Get relief with back pain exercises
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EXERCISES FOR BACK RELIEF
Many people believe that rest is best for a painful back, but actually, what your
back really needs when it’s hurt is exercise. Regular exercise relieves back pain by
strengthening and stretching the muscles that support the spine and helps to prevent
future injury. This is a use it or lose it situation: the more you rest, the weaker your back
gets, even if it is hurt. Studies have actually shown that you can heal your back pain
faster and get back to your regular activities with just two days of rest. So let’s look at
some of the best exercises for relieving back pain.
A good, regular yoga practice will go far in relieving the stress and tension that
sometimes cause mild back pain, and in fact, studies have shown that yoga is the
number one most effective exercise for relieving back pain.
However, not all yoga
poses relieve back pain, and some can in fact aggravate existing pain, so it is important
to know which poses will be most helpful in relieving back pain. It is best to do these
exercises under the supervision of a certified yoga instructor, and if you encounter any
problems with these poses, you should consult an expert.
Even just one or two
sessions with a yoga instructor can help, as an instructor will help you with your form
and posture during poses. Here are some of the best yoga poses for relieving back
pain. Each pose should be held from five to ten seconds, depending upon your level of
comfort, and should be done on a mat or other soft, supportive surface.
CORPSE: Lie flat on your back in a relaxed position, arms resting at your sides,
palms down, and legs lying naturally, with knees turned out slightly. If it hurts your back
to have your knees turned outward, do this pose with knees bent, feet flat on the floor.
Breathe in and out for a few seconds while allowing any tension to leave the body.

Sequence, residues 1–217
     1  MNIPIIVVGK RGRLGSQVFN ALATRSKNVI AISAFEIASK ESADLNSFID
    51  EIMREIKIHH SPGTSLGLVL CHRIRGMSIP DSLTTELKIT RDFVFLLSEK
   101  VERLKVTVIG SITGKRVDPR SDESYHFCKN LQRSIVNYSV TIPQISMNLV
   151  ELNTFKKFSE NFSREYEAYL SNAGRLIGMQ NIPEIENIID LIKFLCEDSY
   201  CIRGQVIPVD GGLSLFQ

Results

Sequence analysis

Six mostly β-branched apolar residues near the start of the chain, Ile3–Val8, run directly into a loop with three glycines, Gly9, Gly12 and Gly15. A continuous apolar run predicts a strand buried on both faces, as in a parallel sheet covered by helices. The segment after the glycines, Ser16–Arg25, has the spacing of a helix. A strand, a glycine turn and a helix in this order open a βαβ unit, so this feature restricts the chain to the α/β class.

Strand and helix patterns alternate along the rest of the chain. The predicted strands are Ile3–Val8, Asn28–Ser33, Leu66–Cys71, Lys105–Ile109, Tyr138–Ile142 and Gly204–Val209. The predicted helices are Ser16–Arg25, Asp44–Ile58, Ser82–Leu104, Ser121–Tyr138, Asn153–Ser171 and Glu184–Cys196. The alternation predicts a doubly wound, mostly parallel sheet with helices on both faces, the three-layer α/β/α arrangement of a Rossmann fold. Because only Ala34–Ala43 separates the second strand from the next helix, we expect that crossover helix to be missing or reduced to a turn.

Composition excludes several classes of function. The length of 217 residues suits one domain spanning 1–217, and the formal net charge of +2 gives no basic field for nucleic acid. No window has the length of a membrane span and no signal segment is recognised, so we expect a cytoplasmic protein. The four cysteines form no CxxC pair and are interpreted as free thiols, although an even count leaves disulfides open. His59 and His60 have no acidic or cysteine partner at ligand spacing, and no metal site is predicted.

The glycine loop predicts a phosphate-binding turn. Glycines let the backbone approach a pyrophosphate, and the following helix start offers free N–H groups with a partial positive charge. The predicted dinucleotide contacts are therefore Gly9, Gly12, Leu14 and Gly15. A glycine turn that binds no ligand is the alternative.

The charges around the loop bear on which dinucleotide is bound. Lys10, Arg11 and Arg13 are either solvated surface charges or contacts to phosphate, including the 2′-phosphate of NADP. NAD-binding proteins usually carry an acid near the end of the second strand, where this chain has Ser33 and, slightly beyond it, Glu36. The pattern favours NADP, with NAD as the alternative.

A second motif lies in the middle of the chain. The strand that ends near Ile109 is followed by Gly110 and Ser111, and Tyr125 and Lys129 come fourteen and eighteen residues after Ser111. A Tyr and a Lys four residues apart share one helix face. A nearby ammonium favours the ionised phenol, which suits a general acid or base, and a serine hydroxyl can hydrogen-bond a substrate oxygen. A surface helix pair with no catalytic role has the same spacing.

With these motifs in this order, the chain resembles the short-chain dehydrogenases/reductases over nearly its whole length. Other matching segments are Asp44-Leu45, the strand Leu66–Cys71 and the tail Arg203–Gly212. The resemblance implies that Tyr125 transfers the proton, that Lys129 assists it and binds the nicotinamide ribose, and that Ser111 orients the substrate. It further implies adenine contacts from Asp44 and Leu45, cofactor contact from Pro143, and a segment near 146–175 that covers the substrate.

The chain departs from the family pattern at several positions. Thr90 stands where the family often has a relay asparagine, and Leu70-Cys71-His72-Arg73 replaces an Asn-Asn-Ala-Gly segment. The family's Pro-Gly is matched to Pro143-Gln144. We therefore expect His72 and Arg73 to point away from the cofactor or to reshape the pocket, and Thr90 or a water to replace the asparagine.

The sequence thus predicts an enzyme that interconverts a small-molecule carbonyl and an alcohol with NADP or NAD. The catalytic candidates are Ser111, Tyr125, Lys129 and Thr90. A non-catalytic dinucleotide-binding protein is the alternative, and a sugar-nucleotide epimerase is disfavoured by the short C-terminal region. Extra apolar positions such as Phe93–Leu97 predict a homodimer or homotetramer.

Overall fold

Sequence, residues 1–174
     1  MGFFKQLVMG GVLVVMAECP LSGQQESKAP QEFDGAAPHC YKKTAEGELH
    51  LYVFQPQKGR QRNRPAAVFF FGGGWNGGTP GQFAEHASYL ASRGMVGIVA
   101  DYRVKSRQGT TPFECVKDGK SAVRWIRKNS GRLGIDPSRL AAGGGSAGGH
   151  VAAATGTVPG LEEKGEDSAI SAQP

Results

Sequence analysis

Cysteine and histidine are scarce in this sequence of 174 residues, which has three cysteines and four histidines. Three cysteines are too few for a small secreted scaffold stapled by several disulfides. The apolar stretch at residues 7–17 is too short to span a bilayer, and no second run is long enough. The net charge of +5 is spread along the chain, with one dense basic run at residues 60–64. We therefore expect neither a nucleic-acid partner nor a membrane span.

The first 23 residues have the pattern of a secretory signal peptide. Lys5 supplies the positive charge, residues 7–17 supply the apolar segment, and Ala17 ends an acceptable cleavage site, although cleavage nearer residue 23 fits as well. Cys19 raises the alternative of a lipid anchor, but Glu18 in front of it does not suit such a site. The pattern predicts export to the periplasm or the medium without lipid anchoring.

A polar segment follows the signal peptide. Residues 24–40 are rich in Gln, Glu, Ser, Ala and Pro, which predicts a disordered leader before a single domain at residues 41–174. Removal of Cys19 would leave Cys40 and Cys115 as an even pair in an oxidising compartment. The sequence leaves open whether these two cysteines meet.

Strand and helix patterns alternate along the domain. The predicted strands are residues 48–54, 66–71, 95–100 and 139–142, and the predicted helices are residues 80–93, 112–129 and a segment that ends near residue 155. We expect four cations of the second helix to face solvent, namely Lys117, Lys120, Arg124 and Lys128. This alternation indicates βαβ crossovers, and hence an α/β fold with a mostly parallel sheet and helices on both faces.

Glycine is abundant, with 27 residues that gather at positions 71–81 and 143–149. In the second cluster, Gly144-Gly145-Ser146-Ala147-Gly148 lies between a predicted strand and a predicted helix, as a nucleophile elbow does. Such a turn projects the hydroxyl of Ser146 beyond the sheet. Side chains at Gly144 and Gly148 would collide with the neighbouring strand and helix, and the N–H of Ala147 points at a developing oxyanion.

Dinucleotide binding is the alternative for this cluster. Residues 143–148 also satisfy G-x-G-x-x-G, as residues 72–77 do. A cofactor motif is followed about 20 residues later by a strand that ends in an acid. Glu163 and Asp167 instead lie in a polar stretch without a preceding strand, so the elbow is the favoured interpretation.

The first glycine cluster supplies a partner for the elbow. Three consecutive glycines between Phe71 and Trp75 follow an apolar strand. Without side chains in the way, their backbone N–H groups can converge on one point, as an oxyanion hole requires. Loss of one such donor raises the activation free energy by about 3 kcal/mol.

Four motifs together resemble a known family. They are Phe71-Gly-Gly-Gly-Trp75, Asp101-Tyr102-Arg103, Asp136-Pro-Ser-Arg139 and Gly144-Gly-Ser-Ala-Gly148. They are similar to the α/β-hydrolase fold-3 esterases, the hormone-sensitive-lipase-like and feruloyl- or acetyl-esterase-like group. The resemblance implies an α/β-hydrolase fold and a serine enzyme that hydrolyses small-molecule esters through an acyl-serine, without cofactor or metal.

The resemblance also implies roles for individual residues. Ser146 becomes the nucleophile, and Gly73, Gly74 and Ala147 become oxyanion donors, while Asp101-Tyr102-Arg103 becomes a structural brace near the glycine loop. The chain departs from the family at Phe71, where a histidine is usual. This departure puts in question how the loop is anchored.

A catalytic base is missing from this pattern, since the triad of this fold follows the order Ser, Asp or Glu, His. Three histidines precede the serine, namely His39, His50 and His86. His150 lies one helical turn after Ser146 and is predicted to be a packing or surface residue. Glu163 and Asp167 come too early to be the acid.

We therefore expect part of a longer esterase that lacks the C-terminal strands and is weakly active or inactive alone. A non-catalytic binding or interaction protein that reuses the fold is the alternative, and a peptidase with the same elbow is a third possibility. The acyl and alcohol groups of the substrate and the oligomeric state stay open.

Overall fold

CAT STRETCH: Start out on your hands and knees with a flat back. Your hands
should be directly under your shoulders with fingers spread. Knees should be directly
under the hips. Head is held loosely so that you are looking at the floor between your
hands. Inhale, and as you exhale, arch your back toward the ceiling, tuck your chin in to
your chest so that you are looking at your navel, and tuck your tailbone underneath.
Hold, then release back into your original position.
WIND-RELEASING POSE: Lie flat on your back as in Corpse pose. As you
inhale, bend your knee, place your hands right below the knee, and draw your leg
towards your chest. Your left leg should remain flat on the floor. Exhale and bring your
forehead up to touch your knee. Inhale, and then as you exhale, return to your original
position. Repeat with the other leg.
SAGE TWIST: Warning for this pose-it involves twisting your back, so you should
take particular care not to twist too far or you risk aggravating any existing back pain.
This should be a gentle stretch; twist just as far as is comfortable.
Sit on the floor with
both legs out in front of you. Bend your right knee, lift your right leg over your left, and
place your right foot on the floor next to your left knee. Sitting with spine straight, place
your left elbow on the right side of your right knee. Bend your left arm so that your left
fingertips are touching your right hip, while at the same time, twisting to look over your
right shoulder. This is where you need to be careful not to twist too far. Hold for a few
seconds, release, and repeat on the opposite side.
PALM TREE: Stand with feet facing forward, arms at your sides, weight
distributed evenly on both feet. Raise both arms over your head, interlock your fingers,
and turn your hands so that your palms are facing upward. Next, place your palms on
your head and turn your head so that you are looking slightly upward.
Stretch your arms
upwards, and at the same time, come up onto your toes if you can do so without pain.
Stretch your entire body upward and hold, if you can. Some people have difficulty
balancing during this pose, so just do the stretching parts if you need to.
FISH POSE: Lie on your back with knees bent and arms at your side. Arch your
back as far as you comfortably can and raise it off the ground by pushing the floor with
your elbows. If you can, tilt your head backwards and rest the crown of your head on